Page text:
A True Friend


A Friend Loves at All Times

“A friend loves at all times, and a brother is born for adversity.”
[Proverbs 17:17]

[Recommended Reading: Job 2:11-13]

How many ‘true’ friends do you have? I’m not talking about social media connections on Twitter or Facebook. I’m talking about real friends. Friends who truly care about you. Friends who are compassionate and careful to level criticism at you. Friends you can count on when the ‘tide goes out.’ Friends who love you at ‘all times.’ If you are like most people, especially with social media, you may have hundreds or thousands of ‘followers’ but very few real friends who hurt when you hurt and would do anything to help you if you needed any help. I have noticed quite a few people today ‘pose as friends’ ‘act like they may be for real,’ but only do so to ‘keep up with you’ because they are nosy. That’s not a real friend. 

What about Job’s ‘friends?’

When Job lost everything (Job 1–2), his three friends came to commiserate with him. Their intent was to be loving: to “mourn with him, and to comfort him” (Job 2:11). They wept, mourned, and sat in silence with Job for seven days, seemingly loving him as best they could. But then, after a week, they couldn’t help themselves. They had to explain to Job that his suffering was his fault, that he was being punished by God. They had no proof beyond their judgments and opinions. Their support turned to legalism and discouragement—exactly what Job (in the midst of great suffering) didn’t need.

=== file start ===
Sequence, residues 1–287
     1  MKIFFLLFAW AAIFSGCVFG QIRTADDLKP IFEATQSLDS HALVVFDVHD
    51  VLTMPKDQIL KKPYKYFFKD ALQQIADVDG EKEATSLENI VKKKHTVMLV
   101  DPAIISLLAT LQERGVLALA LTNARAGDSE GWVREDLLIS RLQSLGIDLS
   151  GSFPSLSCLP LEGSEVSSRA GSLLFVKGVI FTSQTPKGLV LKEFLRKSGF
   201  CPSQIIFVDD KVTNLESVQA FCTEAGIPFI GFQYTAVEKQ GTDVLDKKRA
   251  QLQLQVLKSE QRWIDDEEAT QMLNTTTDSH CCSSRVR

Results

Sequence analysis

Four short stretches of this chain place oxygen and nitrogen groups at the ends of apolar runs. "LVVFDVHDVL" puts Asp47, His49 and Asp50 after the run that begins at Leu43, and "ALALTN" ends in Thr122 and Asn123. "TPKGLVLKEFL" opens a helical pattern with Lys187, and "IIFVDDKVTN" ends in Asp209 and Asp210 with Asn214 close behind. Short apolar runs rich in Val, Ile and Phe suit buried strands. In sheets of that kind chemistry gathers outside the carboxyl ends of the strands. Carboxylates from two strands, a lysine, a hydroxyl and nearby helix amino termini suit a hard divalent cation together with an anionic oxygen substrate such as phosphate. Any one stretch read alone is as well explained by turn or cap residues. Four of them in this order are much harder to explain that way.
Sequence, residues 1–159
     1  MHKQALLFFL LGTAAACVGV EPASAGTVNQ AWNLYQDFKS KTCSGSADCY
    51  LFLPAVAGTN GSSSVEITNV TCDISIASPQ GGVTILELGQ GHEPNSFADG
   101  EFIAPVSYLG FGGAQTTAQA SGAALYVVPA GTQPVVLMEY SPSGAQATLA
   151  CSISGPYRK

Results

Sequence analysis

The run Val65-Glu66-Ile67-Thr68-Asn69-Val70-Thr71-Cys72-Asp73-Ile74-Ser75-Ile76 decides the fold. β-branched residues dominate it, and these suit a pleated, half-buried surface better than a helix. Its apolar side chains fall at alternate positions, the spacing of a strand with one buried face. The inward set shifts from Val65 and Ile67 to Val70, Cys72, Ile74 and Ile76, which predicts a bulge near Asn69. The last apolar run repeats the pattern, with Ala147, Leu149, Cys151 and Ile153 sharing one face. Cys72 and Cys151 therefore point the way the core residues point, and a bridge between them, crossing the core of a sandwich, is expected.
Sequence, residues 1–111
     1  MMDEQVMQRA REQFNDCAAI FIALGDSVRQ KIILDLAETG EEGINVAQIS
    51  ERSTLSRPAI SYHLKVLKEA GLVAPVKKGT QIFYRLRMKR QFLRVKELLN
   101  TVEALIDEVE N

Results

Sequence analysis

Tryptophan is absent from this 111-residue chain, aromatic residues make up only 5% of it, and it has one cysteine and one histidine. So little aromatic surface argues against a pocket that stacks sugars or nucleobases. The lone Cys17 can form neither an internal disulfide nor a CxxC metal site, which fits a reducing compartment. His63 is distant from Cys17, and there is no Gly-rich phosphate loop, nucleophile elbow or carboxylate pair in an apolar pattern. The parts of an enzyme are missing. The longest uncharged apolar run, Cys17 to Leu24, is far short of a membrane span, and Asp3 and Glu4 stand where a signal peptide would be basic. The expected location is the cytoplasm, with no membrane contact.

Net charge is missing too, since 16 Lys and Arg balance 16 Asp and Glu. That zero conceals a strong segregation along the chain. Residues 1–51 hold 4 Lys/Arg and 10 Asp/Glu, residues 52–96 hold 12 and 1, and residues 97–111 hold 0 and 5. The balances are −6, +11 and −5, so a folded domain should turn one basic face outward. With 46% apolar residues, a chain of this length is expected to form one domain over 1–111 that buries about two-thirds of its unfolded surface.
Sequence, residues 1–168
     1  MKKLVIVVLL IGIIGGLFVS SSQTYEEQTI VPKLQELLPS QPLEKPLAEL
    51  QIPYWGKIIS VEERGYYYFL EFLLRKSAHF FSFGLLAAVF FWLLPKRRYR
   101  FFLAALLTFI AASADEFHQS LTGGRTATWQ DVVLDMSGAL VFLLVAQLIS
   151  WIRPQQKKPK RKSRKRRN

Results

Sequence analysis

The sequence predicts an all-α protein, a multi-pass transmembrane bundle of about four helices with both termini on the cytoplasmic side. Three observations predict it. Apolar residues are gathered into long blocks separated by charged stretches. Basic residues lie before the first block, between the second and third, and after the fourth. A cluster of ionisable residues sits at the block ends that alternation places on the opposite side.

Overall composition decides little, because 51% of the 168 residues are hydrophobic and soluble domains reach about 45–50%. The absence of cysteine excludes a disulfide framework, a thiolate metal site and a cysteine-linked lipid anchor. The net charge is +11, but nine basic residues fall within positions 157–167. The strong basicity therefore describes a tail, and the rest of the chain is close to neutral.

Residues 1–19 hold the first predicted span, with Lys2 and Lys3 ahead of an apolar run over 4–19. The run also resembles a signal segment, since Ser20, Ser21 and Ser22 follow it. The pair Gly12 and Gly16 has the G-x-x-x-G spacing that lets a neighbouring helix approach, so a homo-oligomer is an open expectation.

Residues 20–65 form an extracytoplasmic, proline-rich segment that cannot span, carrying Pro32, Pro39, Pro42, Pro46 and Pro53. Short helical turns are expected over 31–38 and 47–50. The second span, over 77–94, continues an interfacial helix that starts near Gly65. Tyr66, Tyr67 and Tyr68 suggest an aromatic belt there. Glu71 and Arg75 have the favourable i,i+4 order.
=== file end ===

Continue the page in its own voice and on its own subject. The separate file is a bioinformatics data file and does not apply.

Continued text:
If Job’s friends had stuck with their original efforts, things would have been better: consolation, love, shared sorrow. No words of advice, just acts that demonstrated, “We know you are hurting. We don’t know the answers. We are here to go through this with you.” That’s what friends are for—love in times of adversity. Unfortunately, they decided to become “Job’s Theologians” and explain to him that all his troubles from God was his fault. Doesn’t sound very loving does it?

Sometimes, when a friend is suffering, the best talking we can do is none. Just be there for them. You don’t have to have an answer for the riddles of life; especially suffering. For goodness sake, showing compassion and kindness is the bare minimal we can do for anyone hurting.

If you know someone who is suffering, someone who is going through adversity or hardship, take the love-leap. Sit with them, pray with them, write to them, take a meal to them, babysit their kids. A friend loves at all times.